Blog examples: WordPress, TypePad, Blogger
Another Web 2.0 application that has captured the imagination of schools is the wiki. Essentially an online publishing tool, Wikis allow a group of users to set up pages on a wiki site. These users can then contribute or edit each other’s work.
School, colleges and universities can use either closed wikis (only available internally) or semi-open wikis (information is shared with the public but only internal editing is allowed) or public wikis. A prime example of a publicly editable wiki is Wikipedia which serves as a repository of knowledge and anyone who signs up to it, is able to edit and update the content published.
Some of the more popular uses of wikis in learning institutions include collaborative descriptive writing, group storytelling, factual recording, shared interests, poetry, and group diary. Wikis can also be used to improve spelling, introduce new words and good phrases to improve student vocabulary and give the students opportunity to work on their written language skills.
Wiki examples: Wikispaces, Wikipedia, WetPaint, Wikia
Content Management Systems
Learning institutions with in-house technical capabilities often use some form of Content Management System (CMS) to publish information online. The front end of such a system is the organisation’s website while the back end is a facility that can allow users to create, update and publish content on the website easily. Work can also be delegated to the relevant departments allowing them control over the contents of their own pages.
There are many commercial and open source CMS packages that offers a whole host of features and can be customised and designed to meet the needs of any organisation including schools, colleges and universities.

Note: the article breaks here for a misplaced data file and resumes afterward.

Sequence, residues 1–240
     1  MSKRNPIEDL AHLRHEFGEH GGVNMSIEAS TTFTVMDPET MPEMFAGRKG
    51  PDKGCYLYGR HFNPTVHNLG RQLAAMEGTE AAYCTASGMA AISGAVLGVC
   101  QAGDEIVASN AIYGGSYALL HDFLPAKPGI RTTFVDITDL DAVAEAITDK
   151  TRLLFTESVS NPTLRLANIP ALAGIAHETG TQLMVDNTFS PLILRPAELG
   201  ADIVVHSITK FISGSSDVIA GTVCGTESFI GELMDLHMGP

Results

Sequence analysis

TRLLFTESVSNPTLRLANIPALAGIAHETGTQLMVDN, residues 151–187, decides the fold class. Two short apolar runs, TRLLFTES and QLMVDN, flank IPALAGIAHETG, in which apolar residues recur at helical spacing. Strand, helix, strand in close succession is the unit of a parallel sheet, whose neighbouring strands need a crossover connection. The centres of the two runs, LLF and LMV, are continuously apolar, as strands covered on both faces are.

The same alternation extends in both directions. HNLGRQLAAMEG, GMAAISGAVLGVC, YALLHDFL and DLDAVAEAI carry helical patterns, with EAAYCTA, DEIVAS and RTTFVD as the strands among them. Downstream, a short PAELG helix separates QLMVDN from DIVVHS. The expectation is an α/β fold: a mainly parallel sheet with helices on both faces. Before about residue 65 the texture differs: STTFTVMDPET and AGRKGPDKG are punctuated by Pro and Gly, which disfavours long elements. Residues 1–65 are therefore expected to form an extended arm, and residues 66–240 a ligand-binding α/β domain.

Xelium is also able to provide the service of customising and designing Open Source CMS for education and where required maintain, administer and manage the service for them. The look and feel as well as features and functionality of the chosen CMS package can be customised to the exact specification of the school without any licensing infringements.
Content Management Systems examples: Joomla, Drupal,
Video & Photo Sharing
It is very common these days for every classroom to be equipped with digital cameras and handheld video recorders capturing photos and scenes in and out of the classroom. Both students and staff are just as keen to use these devices to document their daily activities.
The amount of information (number of Megapixels) captured in these formats has grown significantly over the years, and often affordable devices are capable of providing very good quality video and photos.
Much of these digital media can easily find ways onto the Internet with a little help from Web 2.0 applications. Sites such as YouTube, Vimeo and Flickr allow students and staff to upload and share videos and photos providing everyone with a creative outlet.
The educational value of this experience goes beyond simple file uploading, as with the digital content, students are then able to manipulate these using the relevant software packages. New, often very useful skills and experiences are gained by using applications such as Photoshop, Picasa, Movie Maker, Photo Story, iMovie and PowerPoint.